The Mystic Valley Regional Charter School — recipient of one of the all-time most outrageous New England Muzzle Awards back in 2017 — is in trouble once again, this time for its insistence on conducting the public’s business behind closed doors. Adam Gaffin of Universal Hub reports that state Attorney General Andrea Campbell’s office has asked a judge to order that the taxpayer-funded school produce public documents it has refused to hand over despite requests at the local level as well as repeated demands by Secretary of State Bill Galvin.
🗽The New England Muzzles🗽
School officials claim they do not have to comply because Mystic Valley, based in Malden, doesn’t meet the definition of a “public school,” even though state law specifically describes charter schools as such. In any case, they say they won’t produce the records until a judge orders them to do so, notwithstanding the fact that the state public records law empowers the secretary of state to enforce the law.
The records, sought by Malden News Network, a local journalism outlet; Commonwealth Transparency, an advocacy group; and Malden mayoral candidate Lissette Alvarado cover a wide range of issues, including payroll, contracts, conflicts of interest, accountings of school income, copies of emails, and documents regarding Boston Globe stories about the school.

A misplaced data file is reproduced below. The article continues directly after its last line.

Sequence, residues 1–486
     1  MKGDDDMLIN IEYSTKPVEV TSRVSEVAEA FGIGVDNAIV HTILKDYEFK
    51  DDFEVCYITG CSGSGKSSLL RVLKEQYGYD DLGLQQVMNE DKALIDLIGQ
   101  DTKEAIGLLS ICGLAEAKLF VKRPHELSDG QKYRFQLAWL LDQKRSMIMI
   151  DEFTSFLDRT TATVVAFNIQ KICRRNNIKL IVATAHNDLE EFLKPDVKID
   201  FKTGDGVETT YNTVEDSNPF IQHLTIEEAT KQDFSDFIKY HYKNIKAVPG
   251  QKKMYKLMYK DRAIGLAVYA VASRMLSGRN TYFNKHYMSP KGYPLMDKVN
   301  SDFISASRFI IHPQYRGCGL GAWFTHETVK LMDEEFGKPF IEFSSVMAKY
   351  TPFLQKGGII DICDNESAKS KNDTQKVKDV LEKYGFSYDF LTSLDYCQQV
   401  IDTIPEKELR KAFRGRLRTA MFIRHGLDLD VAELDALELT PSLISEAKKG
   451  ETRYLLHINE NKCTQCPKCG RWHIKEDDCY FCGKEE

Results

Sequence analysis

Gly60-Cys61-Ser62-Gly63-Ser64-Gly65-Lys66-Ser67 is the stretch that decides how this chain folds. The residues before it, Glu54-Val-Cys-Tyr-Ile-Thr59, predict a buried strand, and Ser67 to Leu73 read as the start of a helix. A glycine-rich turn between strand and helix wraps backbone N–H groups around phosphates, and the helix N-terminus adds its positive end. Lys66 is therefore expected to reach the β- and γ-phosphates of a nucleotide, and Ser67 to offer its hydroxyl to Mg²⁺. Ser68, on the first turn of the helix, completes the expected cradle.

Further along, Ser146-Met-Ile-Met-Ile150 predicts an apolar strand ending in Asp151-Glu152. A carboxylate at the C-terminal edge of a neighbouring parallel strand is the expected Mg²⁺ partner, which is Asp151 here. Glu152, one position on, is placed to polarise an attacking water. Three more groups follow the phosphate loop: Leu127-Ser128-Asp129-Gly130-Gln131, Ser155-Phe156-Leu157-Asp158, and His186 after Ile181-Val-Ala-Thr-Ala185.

Now, to get back to that 2017 Muzzle Award from GBH News. During the 2016-’17 school year, Mystic Valley administrators began enforcing a dress-code prohibition against hair extensions, worn most often by Black female students. After parents complained about the clearly racist policy, school officials doubled down, leading to reporting by The Boston Globe and other news organizations. Yet the school refused to back down until then-Attorney General Maura Healey intervened.
That stiff-necked refusal to acknowledge its own wrongdoing obviously hasn’t changed over the years. When a judge finally orders the school to produce public documents, it will be interesting to see whether Mystic Valley complies — or if, instead, its administrators decide the judge somehow improperly claimed jurisdiction, or was wearing the wrong-colored robe or something.